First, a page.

The United States Supreme Court decided that marriage (as an act of the state) was for all people and their partners. The LGBTQ community (Lesbian, Gay, Bi-Sexual, Transgender, Queer/Questioning) and their allies have been pushing for the ability to marry in the eyes of the court for a long while. When it comes to having a family, adopting kids, visiting your loved one in the hospital, or even being able to make end of life care decisions, – there are a lot of benefits marriage offers that civil unions or otherwise fail to provide for same-sex couples.
There also are those, particularly in religious communities, that feel that this decision to allow same-sex marriage is a threat to the sanctity of marriage as something that God has given us as a gift. All in all, there is a wide spectrum of opinions of how people feel, think, and see that this change in how the US Supreme Court’s decision will affect them. Feel free to dabble in that as much as you’d like…
However, the Supreme Court is not the church. And while our thoughts as the church on LGBTQ marriage may span the same spectrum of disagreement, our focus is different. We get to look to God and where we see God revealed in Jesus: particularly in scripture, tradition, and the sacraments. I think this is especially true as “Gay Marriage” comes to the forefront of the American conversation.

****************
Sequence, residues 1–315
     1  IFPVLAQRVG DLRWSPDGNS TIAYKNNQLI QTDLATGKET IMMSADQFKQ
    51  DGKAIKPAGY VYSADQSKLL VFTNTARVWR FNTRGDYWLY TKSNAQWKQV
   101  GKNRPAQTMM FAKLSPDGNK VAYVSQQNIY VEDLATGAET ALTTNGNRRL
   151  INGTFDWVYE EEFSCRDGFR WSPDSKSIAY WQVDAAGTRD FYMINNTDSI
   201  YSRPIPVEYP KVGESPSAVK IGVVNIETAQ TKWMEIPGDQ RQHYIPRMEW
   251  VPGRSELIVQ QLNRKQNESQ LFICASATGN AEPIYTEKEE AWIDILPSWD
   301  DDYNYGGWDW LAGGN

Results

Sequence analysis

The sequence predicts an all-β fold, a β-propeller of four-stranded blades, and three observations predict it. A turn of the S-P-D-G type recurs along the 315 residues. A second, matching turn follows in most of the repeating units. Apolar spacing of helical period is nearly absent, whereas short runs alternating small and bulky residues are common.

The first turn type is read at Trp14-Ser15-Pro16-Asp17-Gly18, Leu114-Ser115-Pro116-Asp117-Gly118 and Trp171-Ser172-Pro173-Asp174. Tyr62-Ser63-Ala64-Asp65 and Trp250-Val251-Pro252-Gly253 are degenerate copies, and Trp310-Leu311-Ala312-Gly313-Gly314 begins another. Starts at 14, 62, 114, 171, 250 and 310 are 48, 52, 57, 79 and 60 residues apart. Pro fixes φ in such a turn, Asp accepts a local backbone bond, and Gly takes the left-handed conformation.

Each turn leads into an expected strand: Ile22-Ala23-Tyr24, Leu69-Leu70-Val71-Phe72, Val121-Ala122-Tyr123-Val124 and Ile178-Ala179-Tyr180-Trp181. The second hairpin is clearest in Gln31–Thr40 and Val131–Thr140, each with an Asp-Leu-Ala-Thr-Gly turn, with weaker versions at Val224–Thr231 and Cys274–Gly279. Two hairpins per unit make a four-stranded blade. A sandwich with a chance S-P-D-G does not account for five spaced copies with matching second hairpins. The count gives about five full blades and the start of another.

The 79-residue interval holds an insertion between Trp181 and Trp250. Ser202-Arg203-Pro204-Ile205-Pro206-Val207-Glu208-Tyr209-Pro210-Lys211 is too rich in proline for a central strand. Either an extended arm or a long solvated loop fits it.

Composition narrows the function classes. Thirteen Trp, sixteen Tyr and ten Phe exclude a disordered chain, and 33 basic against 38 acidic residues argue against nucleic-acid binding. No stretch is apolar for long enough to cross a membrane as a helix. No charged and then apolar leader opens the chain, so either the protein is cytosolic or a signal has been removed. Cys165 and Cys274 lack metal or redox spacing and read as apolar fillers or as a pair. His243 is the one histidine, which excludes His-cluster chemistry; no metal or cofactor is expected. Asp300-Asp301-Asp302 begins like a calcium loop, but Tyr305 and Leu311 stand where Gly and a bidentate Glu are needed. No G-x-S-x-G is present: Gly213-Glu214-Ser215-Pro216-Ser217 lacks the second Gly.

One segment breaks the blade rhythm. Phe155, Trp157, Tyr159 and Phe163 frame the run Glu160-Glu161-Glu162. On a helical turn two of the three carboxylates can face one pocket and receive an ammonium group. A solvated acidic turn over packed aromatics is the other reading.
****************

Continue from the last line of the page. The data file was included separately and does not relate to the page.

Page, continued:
We get to wonder where we see God in “Gay marriage.” We also get to wonder where the other person sees God in it. And you might believe something towards marriage equality, and you may even feel it strongly. Where does the other person see God in this conversation? Because at the end of the day, as the church, we don’t have to believe in everything the person sitting next to us believes.
To put it another way, if you are married, do you agree with everything your spouse says or does? – And yet, God called you together in the bond of marriage, and that bond becomes the center of relationship rather than being “right.” So you might, for the sake of relationship and that bond, choose to hear each other out so you can at least understand from where the other is coming. Perhaps this will bring some insight.
I think the same is true of the church. Agreement on everything is secondary to being called together by God in Baptism. Can we take the time to learn where others in the community see God in this, even if we don’t agree with them?